July 21 coronavirus news

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8:54 a.m. ET, July 21, 2020

US needs to lower Covid-19 transmission rate to reopen schools, surgeon general says

From CNN's Gisela Crespo

US Surgeon General Dr. Jerome Adams speaks in the Rose Garden of the White House on May 26.
US Surgeon General Dr. Jerome Adams speaks in the Rose Garden of the White House on May 26. Win McNamee/Getty Images/File

US Surgeon General Dr. Jerome Adams said Tuesday that the country needs to lower the transmission rate of Covid-19 in order to reopen schools.

"What I want people to know is the biggest determinant of whether or not we can go back to school actually has little to nothing to do with the actual schools – it's your background transmission rate," Adams said, speaking on CBS This Morning. "And it's why we've told people constantly that if we want to get back to school, to worship, to regular life – folks need to wear face coverings, folks need to practice social distancing. Those public health measures are actually what's going to lower the transmission rate."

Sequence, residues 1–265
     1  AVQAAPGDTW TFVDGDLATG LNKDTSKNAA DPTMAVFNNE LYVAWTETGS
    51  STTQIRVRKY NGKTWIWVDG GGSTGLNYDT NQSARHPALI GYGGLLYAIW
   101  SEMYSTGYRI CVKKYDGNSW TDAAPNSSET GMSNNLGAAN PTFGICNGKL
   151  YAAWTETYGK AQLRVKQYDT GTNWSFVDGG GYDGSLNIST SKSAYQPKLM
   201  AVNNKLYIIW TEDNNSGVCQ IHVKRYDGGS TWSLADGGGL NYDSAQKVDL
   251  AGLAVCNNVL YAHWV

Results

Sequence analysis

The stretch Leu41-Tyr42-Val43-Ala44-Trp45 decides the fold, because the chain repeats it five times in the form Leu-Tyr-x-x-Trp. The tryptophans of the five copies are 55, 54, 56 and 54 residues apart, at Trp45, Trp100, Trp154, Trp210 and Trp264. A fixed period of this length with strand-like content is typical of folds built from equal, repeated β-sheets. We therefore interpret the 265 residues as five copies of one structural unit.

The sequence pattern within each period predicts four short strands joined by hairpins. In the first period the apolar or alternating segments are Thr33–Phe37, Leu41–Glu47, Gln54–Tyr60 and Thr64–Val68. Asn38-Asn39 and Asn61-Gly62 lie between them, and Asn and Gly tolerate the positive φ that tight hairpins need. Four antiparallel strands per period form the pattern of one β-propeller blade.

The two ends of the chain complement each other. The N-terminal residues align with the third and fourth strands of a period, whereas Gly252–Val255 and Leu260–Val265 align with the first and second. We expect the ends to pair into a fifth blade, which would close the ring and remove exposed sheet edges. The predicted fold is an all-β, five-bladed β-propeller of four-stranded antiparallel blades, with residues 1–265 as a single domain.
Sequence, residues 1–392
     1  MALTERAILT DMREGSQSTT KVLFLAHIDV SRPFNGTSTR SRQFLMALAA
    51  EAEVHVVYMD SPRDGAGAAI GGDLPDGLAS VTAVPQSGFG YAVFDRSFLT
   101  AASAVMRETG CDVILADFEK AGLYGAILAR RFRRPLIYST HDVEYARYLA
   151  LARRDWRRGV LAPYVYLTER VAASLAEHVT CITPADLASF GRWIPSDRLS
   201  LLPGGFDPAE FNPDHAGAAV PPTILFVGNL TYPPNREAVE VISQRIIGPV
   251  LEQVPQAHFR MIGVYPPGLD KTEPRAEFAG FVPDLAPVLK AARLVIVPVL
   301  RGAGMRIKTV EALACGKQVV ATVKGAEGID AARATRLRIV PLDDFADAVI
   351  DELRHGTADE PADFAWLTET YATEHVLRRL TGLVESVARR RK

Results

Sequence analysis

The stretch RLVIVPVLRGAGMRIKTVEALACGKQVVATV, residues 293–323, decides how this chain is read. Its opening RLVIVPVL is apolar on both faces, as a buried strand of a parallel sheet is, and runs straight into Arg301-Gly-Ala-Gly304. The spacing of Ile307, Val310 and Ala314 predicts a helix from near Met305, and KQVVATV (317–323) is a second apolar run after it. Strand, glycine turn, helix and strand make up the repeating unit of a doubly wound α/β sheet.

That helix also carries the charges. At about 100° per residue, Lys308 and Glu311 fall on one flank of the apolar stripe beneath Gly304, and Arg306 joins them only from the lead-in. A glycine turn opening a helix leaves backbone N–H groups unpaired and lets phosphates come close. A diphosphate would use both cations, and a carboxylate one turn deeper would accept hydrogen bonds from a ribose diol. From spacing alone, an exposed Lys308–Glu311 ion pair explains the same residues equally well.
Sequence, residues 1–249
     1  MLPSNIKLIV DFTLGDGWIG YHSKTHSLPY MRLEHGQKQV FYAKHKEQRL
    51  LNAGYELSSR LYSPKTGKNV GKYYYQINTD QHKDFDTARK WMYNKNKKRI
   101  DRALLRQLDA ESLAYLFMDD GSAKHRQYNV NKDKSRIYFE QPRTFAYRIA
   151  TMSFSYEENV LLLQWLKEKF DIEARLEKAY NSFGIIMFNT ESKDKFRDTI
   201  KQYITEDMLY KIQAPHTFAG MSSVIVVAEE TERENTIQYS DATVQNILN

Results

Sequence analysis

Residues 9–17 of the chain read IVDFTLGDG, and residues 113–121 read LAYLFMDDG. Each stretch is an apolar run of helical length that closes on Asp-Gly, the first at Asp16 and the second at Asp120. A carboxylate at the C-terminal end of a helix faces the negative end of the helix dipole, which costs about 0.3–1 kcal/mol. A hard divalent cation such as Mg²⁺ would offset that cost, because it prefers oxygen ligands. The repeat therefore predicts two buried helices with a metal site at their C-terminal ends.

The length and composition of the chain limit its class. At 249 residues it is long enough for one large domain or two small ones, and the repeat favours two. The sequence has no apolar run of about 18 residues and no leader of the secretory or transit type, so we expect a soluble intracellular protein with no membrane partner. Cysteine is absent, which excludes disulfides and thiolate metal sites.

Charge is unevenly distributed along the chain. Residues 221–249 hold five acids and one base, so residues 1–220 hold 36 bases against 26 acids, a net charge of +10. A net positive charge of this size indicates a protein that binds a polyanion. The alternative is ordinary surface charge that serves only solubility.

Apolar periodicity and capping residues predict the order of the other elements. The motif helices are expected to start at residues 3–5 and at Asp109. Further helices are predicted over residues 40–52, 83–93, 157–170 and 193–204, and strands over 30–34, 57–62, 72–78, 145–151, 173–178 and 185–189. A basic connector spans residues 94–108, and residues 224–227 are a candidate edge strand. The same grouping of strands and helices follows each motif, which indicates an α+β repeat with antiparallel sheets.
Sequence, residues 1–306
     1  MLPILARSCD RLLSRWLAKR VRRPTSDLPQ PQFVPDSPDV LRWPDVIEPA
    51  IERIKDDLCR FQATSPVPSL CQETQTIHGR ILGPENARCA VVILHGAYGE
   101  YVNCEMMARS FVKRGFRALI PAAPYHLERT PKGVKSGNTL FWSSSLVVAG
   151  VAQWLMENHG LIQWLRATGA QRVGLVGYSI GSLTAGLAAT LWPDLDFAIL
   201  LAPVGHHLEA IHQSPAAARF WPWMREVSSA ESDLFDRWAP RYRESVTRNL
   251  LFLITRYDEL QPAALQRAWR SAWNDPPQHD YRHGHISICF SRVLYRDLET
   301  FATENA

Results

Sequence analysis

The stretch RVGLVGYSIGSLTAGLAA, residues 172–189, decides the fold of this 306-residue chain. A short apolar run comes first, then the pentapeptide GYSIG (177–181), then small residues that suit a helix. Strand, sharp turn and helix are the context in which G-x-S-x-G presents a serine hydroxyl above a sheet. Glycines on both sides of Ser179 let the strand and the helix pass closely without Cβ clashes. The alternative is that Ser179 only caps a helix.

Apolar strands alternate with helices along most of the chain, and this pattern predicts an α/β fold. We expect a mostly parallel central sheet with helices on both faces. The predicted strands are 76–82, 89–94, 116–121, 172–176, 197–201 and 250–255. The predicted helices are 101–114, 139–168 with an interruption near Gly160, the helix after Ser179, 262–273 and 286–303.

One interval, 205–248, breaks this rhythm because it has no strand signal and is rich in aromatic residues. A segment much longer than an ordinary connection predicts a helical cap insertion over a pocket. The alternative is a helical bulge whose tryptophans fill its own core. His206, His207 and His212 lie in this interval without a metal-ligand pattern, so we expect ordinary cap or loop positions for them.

Adams added that lowering the transmission rate will also help keep teachers and the adults that live with school-age children safe.

"We know the risk is low to the actual students. But we know they can transmit to others. … We need to take measures to make sure we protect those who are vulnerable either because they are older or they have chronic medical conditions," Adams told CBS' Gayle King.

8:51 a.m. ET, July 21, 2020

Fauci on today's White House briefing: "I'll be more than happy to be there" if they want me there

From CNN's Health Gisela Crespo

Dr. Anthony Fauci attends a coronavirus briefing at the White House in April.
Dr. Anthony Fauci attends a coronavirus briefing at the White House in April. Alex Wong/Getty Images/File

Dr. Anthony Fauci, the director of the National Institute of Allergy and Infectious Diseases, said Tuesday that he still hasn't heard from the White House on whether or not he will be part of today's coronavirus briefing.

Speaking during an interview on NPR's Morning Edition, Fauci said his attendance at upcoming briefings is "up to the White House." 

"I would imagine that I would be at least in on some of them, but we have not heard anything definitive yet. I mean, if they want me there, I'll be more than happy to be there. And if they have not, that's okay, too. As long as we get the message across," Fauci added.

When asked if the briefings will help the American people gain trust in the federal government's handling of the pandemic, Fauci said that press conferences have "the potential to do that."